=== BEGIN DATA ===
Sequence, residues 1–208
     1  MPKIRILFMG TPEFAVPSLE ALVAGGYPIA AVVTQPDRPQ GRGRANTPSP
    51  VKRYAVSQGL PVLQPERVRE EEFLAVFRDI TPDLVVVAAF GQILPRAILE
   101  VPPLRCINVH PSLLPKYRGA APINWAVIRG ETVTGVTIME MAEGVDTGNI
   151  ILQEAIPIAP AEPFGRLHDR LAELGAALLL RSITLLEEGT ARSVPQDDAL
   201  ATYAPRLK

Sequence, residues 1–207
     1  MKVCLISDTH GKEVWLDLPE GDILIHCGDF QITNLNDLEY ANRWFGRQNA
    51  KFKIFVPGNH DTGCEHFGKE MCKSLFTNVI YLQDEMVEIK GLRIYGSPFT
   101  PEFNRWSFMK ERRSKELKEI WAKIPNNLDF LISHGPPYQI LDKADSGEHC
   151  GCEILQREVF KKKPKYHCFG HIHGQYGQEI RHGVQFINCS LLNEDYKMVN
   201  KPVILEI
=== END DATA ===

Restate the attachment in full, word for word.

Sequence, residues 1–208
     1  MPKIRILFMG TPEFAVPSLE ALVAGGYPIA AVVTQPDRPQ GRGRANTPSP
    51  VKRYAVSQGL PVLQPERVRE EEFLAVFRDI TPDLVVVAAF GQILPRAILE
   101  VPPLRCINVH PSLLPKYRGA APINWAVIRG ETVTGVTIME MAEGVDTGNI
   151  ILQEAIPIAP AEPFGRLHDR LAELGAALLL RSITLLEEGT ARSVPQDDAL
   201  ATYAPRLK

Sequence, residues 1–207
     1  MKVCLISDTH GKEVWLDLPE GDILIHCGDF QITNLNDLEY ANRWFGRQNA
    51  KFKIFVPGNH DTGCEHFGKE MCKSLFTNVI YLQDEMVEIK GLRIYGSPFT
   101  PEFNRWSFMK ERRSKELKEI WAKIPNNLDF LISHGPPYQI LDKADSGEHC
   151  GCEILQREVF KKKPKYHCFG HIHGQYGQEI RHGVQFINCS LLNEDYKMVN
   201  KPVILEI